PrEP offers relief to HIV pandemic
Ruth Butaumocho Gender Editor
From the time the first case of HIV was diagnosed more than 30 years ago, the epidemic decimated communities as scientists the world over battled to find treatment for the HIV pandemic.
With no previous medication that was known to prevent the spread of HIV except abstaining from sex, being faithful or using preventative measures such as condoms, nations across the globe were almost losing the battle until the introduction of the anti-retroviral therapy to manage the conditions of those living positively with HIV.
Zimbabwe, being part of the global village, was not left out in all the initiatives as the country battled to put people living positively on ART while rolling out national campaigns against new infections.
In all the intervention strategies, it has remained undoubtedly clear that HIV has the face of a woman.
Despite the avalanche of preventative strategies, including the condom, which happens to be among the most popular HIV preventative methods, women continue to be the major victims of HIV infection due to physical, social and cultural issues.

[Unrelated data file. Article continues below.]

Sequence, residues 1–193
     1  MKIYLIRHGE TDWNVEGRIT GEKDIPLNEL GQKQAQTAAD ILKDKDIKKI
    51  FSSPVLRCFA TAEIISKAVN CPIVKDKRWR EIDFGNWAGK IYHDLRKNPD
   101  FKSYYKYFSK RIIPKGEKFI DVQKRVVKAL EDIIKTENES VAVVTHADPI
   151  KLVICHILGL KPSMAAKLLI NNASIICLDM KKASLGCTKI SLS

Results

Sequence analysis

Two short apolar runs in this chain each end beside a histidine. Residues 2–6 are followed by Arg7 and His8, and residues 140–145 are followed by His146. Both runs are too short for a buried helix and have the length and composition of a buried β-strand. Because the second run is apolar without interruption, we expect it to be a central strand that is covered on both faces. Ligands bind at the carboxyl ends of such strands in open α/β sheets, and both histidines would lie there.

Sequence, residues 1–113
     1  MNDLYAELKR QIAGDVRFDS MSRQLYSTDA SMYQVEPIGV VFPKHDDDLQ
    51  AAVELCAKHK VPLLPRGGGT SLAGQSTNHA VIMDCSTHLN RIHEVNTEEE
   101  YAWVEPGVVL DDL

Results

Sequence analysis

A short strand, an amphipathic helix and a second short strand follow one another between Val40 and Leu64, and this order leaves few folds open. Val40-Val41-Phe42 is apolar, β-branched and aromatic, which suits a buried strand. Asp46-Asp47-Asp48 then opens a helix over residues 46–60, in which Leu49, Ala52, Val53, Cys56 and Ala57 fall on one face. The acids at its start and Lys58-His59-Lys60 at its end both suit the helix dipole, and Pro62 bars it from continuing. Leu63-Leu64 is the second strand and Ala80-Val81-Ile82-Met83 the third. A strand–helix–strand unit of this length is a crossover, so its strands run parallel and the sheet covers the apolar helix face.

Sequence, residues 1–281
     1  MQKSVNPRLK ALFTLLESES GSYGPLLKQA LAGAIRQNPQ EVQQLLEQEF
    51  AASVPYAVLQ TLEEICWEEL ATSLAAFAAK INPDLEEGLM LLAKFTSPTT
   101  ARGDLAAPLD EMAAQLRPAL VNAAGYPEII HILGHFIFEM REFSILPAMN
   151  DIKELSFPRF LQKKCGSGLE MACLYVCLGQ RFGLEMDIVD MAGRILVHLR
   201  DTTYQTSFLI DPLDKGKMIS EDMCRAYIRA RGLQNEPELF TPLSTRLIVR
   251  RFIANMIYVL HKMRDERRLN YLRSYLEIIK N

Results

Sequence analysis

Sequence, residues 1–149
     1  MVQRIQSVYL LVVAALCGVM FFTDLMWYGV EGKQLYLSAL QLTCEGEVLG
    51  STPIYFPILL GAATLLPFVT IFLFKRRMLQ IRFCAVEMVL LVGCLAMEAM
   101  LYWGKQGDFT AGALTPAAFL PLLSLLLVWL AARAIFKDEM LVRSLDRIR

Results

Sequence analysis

Even the global outlook on HIV is telling of the predicament that women find themselves in, with statistics from organisations like the World Health Organisations and UNAIDS showing that globally, more women than men are dying of HIV/AIDS, and the age patterns of infection are significantly different.
It is against this background that the decision by Zimbabwe to launch PrEP — pre-exposure prophylaxis — should be embraced by all, particularly women, because they are now able to prevent HIV infection from their intimate partners without the risk of physical violence.
A fortnight ago, the Government launched the pre-exposure prophylaxis strategy (PrEP), which is meant to reduce the risk of contracting HIV.
Speaking at the “Million-Man Circumcised” celebrations and launch of the PrEP strategy, Minister of Health and Child Care Dr David Parirenyatwa said the oral PrEP was strictly for those at a higher risk of contracting HIV.
“We are launching the strategy for our fairly new HIV prevention initiative and that is, Pre-Exposure Prophylaxis (PrEP) for the period 2018 to 2020,” he said.
The launch of PrEP is an add-on tool to a coterie of initiatives in the country’s bag of tools and approaches in the prevention of new HIV infections.
PrEP comes in the form of a pill that is taken seven days before one is exposed to possible infection and is now available at most hospitals across the country.
Unlike other preventative measures, the pill allows a client, particularly those at risks like long distance truck drivers, commercial sex workers and tertiary students, an opportunity to take precautionary measures when there is still time.
It is heartening to note that PrEP comes on the heels of yet another similar initiative, the monthly vaginal ring, whose trials are ongoing.